Stools that are pale or look like clay or putty may be the result of a lack of bile or by a blockage in the bile ducts. The inability of the digestive system to absorb fats properly may also result in stools that are light in color (yellow to gray) and appear greasy. The medical term "acholic" is used to refer to light-colored stools.
Causes Of Pale Stools
The biliary system is the drainage system of the gallbladder, liver, and pancreas. Bile is created in the liver, stored in the gallbladder, and is released into the first section of the small intestine (the duodenum) while food is passing through. Bile is what gives stool its brown color, so if bile is not being produced or if the bile ducts are blocked, the result could be stool that is light.
Common causes of stool that is pale or clay colored include:
- Alcoholic hepatitis
- Biliary cirrhosis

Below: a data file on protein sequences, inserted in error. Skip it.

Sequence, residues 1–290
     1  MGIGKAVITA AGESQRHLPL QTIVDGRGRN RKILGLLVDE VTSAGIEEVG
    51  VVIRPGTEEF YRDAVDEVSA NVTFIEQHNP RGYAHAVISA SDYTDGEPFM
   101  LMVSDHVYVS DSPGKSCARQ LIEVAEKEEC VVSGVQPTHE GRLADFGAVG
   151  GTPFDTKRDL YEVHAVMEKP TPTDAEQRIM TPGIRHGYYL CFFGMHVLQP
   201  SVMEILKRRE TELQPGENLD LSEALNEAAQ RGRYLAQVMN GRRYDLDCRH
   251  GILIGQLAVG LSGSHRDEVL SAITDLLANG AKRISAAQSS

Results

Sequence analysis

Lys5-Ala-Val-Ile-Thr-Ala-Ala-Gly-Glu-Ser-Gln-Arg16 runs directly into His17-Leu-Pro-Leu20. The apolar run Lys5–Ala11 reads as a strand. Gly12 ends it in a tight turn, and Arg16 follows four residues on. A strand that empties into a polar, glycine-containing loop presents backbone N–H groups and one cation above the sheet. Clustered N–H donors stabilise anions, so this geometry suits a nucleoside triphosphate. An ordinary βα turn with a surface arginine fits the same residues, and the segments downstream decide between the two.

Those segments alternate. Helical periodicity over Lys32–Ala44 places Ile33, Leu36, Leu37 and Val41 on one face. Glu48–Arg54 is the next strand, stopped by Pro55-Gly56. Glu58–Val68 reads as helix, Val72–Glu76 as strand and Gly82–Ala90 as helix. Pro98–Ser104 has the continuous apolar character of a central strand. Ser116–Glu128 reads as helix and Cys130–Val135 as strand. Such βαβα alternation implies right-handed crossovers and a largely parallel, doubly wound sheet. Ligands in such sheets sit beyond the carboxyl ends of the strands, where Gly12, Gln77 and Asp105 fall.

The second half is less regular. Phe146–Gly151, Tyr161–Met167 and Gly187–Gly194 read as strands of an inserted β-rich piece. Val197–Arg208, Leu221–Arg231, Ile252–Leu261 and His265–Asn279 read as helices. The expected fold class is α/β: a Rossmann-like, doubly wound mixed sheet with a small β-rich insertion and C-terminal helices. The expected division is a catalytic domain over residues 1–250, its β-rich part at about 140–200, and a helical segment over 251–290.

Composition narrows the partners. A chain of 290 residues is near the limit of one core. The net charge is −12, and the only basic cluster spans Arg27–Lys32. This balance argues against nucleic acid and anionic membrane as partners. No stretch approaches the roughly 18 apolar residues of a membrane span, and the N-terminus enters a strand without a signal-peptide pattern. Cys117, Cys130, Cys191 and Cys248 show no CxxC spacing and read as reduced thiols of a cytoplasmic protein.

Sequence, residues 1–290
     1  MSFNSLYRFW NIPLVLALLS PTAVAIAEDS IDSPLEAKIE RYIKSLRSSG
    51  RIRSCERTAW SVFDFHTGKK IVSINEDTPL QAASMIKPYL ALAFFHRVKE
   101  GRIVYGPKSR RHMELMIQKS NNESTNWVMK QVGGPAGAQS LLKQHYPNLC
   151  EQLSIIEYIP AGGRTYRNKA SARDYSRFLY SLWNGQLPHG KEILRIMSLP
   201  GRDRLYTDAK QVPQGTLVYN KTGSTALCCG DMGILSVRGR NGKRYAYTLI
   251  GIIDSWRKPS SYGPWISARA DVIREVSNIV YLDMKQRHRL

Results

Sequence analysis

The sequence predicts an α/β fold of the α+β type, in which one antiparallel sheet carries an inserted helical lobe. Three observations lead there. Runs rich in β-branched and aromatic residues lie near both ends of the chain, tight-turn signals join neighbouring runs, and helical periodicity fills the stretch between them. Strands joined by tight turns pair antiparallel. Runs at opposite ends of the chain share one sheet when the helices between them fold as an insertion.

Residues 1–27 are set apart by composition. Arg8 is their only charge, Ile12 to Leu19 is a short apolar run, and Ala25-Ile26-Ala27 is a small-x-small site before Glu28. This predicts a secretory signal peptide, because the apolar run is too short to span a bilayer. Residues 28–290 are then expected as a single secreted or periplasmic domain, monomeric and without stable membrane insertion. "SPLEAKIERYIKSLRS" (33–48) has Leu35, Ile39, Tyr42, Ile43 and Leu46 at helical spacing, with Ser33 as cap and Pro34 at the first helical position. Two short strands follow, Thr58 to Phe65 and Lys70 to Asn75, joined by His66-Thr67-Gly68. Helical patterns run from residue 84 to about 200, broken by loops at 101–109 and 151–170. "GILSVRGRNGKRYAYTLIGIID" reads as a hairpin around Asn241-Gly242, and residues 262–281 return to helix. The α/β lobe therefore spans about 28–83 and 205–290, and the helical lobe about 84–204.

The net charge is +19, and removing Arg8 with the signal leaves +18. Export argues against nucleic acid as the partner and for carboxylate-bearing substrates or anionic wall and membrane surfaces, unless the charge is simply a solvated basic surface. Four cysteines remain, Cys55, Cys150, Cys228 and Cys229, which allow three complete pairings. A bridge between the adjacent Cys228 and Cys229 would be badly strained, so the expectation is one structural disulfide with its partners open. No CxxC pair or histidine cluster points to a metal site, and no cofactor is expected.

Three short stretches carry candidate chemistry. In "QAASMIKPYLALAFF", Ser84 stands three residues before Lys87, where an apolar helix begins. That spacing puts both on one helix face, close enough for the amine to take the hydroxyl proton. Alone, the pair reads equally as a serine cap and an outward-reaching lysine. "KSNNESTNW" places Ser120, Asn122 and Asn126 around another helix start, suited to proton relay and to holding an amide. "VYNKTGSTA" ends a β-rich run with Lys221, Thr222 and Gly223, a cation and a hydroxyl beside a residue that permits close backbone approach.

- Birth defect
- Hepatitis A,B, or C
- Sclerosing cholangitis
- Side effects from medication
Symptoms Associated With Pale Stool
Clay colored stool may be accompanied by a yellow discoloration of the skin and eyes (jaundice) or darkened urine. If symptoms of jaundice occur, a physician should be consulted immediately. While jaundice is not actually a serious condition, the presence of jaundice along with pale stools could mean that there is an obstruction in a bile duct or that there is an infection in the liver. Both of these conditions could be serious, and should be discussed with a physician.
Diagnosing The Underlying Condition
In order to treat pale stools, the underlying cause must first be diagnosed. In addition to a complete medical history, some of the tests that might be used to make a diagnosis are:
- Abdominal ultrasound
- Blood work to test for an infection
- Endoscopic retrograde cholangiopancreatography (ERCP)
- Liver function tests
- Surgery to find defects in the biliary tract
Treating Pale Stool
Treatment will depend on the underlying cause. If the cause is the malabsorption of fats, a change in diet and vitamin supplements may be prescribed. In the case of blocked bile ducts, surgery may be required to open the ducts. If the acholic stools are a symptom of another condition, such as hepatitis, the underlying cause should be treated.
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